At Flame Con in August, The Mary Sue hosted a panel on the LGBTQIA+ history of fanfiction. Princess Weekes kicked us off with a background about how much that is literarily lauded from olden days—from the Aeneid to the works of Dante and Shakespeare and Milton and on and on—is essentially fanfiction, and we are continuing perhaps the oldest literary tradition of reshaping and retelling existing stories.
Then I gave an overview of the rise of modern fandom in regards to LGBTQIA+ themes. The consensus seems to be that slash fanfiction as we know it first emerged into the open with Diane Marchant’s 1974 Kirk/Spock story “A Fragment Out of Time.”
Marchant did not “invent” Kirk/Spock: the subtext and chemistry between the dashing Starfleet Captain and his stoic (when not in pon farr) Vulcan first officer was there onscreen for anyone who cared to see it, and Kirk/Spock stories, meta, and theories were already being traded between groups of Star Trek: The Original Series fans by letter in the 1960s.
Marchant’s story is recognized, however, as the first Kirk/Spock piece of fiction to be published for consumption beyond a closed circle of friends. The story appeared in the R-rated Star Trek fanzine Grup #3 in 1974. The Original Series had been canceled in 1969 after three seasons, but its wildly dedicated fanbase wasn’t about to let their favorite characters and Gene Roddenberry’s inventive universe fade into obscurity. They kept the ball rolling with letter-writing campaigns, zines, and conventions, and their tireless dedication was a big part of what would eventually turn Star Trek into a cultural phenomenon.
As someone who has participated in online fandom since I was about 12 years old, I’d heard of “A Fragment Out of Time.” But it wasn’t until I was researching for our Flame Con panel that I gave the story a close read and investigated the history around its publication and reception. Now I can’t stop thinking about “A Fragment Out of Time” and how far fandom and particularly fanfiction with LGBTQIA+ themes and characters have come since Marchant’s story in the ’70s.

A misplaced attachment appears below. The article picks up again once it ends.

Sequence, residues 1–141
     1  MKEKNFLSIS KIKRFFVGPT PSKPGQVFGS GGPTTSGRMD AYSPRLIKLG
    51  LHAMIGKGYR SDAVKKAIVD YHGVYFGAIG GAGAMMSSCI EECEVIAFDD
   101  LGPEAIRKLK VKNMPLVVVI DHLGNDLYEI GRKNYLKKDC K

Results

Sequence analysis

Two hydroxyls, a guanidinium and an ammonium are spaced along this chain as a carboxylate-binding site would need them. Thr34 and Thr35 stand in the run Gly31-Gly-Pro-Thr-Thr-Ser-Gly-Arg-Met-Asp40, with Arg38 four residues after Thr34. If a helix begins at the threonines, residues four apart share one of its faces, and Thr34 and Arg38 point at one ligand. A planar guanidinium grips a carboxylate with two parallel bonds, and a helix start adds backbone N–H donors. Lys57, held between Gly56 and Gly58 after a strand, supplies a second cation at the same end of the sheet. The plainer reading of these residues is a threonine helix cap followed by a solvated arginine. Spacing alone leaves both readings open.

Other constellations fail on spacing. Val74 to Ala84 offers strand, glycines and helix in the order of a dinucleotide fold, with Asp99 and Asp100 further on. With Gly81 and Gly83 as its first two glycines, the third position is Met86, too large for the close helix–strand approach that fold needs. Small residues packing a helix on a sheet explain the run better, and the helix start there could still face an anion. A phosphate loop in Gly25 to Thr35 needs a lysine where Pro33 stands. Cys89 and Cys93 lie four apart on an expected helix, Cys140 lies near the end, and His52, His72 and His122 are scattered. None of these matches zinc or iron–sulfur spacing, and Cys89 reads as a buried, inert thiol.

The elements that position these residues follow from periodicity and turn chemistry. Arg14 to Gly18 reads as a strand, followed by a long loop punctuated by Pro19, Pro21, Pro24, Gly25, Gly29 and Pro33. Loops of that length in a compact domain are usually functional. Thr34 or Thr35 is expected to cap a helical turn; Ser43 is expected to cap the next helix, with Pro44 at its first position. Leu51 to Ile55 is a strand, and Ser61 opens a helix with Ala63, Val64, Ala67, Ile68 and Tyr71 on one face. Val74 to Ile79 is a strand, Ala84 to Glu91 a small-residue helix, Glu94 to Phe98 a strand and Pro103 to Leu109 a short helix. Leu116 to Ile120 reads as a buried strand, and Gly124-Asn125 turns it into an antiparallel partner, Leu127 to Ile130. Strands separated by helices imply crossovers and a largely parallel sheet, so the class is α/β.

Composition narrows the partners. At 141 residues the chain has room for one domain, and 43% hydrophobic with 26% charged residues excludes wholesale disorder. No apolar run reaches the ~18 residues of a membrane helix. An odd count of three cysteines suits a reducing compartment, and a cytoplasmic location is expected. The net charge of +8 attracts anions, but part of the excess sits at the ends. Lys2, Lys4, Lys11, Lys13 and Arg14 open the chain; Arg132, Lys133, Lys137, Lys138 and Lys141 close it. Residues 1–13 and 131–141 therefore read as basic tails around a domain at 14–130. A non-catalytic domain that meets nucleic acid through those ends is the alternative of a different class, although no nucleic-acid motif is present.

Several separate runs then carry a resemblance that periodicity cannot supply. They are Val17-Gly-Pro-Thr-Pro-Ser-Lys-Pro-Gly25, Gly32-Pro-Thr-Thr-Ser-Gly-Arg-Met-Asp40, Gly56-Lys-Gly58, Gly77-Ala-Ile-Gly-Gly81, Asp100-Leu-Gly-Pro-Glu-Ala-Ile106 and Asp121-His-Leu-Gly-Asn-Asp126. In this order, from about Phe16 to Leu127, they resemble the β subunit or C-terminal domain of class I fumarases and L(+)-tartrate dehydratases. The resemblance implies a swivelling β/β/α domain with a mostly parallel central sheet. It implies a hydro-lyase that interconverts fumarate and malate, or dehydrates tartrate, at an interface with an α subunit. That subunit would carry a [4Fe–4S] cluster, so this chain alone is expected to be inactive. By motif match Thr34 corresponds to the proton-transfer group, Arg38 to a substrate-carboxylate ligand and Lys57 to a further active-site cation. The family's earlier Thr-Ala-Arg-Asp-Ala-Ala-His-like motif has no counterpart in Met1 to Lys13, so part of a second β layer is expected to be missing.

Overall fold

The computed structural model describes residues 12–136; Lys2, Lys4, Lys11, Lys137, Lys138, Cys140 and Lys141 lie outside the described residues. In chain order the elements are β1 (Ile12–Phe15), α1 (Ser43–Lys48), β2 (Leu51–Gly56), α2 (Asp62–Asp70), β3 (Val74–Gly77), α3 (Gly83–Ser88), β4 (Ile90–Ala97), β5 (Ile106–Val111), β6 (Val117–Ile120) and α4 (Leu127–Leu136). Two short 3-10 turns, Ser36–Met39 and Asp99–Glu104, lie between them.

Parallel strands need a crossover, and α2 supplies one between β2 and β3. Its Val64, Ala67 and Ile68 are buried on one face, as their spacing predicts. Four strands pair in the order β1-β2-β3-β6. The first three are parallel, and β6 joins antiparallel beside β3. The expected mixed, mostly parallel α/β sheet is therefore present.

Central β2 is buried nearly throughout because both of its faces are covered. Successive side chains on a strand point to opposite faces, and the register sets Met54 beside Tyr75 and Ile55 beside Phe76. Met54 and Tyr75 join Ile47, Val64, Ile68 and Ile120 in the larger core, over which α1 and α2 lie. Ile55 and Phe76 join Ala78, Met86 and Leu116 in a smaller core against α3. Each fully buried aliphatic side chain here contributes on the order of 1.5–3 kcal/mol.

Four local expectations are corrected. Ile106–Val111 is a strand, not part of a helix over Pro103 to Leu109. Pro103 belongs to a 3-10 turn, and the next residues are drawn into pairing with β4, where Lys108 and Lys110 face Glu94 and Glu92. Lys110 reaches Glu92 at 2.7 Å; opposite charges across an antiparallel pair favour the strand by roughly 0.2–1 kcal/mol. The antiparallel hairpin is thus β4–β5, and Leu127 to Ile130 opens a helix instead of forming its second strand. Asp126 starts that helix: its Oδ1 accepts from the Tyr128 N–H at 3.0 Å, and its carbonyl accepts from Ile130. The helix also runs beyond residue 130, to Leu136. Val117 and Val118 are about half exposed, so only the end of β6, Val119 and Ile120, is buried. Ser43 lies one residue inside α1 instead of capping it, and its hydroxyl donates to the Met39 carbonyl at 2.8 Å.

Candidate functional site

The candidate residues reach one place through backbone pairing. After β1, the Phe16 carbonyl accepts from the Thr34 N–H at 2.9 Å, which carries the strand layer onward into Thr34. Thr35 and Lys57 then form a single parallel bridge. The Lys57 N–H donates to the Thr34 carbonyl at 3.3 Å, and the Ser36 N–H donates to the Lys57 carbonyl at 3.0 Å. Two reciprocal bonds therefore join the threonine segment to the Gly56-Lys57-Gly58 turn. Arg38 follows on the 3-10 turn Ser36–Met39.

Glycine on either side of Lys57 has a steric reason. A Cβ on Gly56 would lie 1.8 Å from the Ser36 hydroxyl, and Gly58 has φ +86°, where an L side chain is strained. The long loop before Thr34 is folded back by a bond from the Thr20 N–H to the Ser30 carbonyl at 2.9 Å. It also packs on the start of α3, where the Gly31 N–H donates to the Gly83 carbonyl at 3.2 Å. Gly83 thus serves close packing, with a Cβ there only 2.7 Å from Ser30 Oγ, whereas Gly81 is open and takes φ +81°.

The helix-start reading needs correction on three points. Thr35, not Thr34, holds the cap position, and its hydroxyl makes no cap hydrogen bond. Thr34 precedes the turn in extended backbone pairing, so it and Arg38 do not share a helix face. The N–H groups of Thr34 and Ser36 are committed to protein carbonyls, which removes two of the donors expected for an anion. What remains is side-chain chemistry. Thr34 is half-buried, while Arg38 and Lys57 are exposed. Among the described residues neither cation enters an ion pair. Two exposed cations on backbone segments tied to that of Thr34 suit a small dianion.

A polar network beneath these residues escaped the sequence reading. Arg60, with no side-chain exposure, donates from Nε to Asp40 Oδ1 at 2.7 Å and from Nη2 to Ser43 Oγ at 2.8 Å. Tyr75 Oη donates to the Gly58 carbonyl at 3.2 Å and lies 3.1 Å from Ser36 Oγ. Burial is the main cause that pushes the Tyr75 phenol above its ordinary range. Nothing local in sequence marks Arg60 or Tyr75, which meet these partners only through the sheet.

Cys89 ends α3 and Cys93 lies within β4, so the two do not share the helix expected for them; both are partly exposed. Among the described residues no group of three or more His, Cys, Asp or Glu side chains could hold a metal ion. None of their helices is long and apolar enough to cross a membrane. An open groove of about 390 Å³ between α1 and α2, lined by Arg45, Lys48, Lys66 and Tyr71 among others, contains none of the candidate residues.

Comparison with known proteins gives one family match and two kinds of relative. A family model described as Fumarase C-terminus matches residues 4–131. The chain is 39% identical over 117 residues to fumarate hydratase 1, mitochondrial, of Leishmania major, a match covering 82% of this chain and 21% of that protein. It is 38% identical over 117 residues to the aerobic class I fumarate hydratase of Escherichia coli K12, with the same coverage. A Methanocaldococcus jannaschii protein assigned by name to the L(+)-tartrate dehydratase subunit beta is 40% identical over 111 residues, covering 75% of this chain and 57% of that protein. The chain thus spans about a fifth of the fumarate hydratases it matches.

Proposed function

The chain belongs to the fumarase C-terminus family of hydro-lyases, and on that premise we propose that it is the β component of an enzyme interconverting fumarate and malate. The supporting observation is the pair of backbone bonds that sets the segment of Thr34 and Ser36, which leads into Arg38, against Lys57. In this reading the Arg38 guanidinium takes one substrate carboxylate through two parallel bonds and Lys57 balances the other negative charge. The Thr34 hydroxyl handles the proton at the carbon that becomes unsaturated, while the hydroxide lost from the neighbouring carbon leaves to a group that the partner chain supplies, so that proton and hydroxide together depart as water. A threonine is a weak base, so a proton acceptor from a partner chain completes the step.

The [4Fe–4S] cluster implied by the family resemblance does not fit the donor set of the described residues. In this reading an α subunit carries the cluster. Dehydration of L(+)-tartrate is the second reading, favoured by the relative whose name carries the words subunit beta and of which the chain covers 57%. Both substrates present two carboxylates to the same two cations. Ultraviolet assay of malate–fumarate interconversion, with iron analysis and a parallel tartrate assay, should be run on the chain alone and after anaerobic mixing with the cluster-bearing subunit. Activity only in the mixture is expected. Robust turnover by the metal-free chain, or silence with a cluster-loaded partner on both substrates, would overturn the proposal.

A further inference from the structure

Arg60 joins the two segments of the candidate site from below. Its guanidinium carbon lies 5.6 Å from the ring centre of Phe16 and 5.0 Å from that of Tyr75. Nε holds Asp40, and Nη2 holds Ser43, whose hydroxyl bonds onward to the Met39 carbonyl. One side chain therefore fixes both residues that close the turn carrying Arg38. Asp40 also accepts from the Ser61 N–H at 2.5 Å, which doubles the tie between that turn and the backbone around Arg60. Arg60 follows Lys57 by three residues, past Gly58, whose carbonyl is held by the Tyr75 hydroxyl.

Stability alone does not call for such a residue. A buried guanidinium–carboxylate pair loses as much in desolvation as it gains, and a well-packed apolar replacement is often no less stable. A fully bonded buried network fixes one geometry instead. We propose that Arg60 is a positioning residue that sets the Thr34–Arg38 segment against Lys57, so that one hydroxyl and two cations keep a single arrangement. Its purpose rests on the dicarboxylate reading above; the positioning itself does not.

First of all, its format is absolutely fascinating. Neither character is ever named, and there’s a gaming in the use of pronouns so that it’s never precisely clear in the text that it is two men having a romantic encounter. While the narrator of the story, who is being treated to some tender and then increasingly sexual caresses, is called “he” (it’s Spock), the second character’s actions are shown in an abstract that doesn’t require identification, or else referred to as simply “the other” (it’s Kirk, he of the “blond head”). Here’s an excerpt by way of example:
The pressure was… delicious. Well-skilled hands made long, swooping strokes from his knees up the inside of his legs to the upper thighs. Now, he could not prevent this, any more than he could stop a solar eclipse… even if he really desired to. It had been building all these years… no one set of circumstances was the cause… now; it seemed it had been inevitable from the outset.
The whole story is roughly 500 words—shorter than this article. An incredibly compact little thing to have created a sensation and to be seen as the forerunner of a fiction type for which there are now hundreds of thousands of fan-made works. Yet it kicked open a door that, I believe, will never be shut again.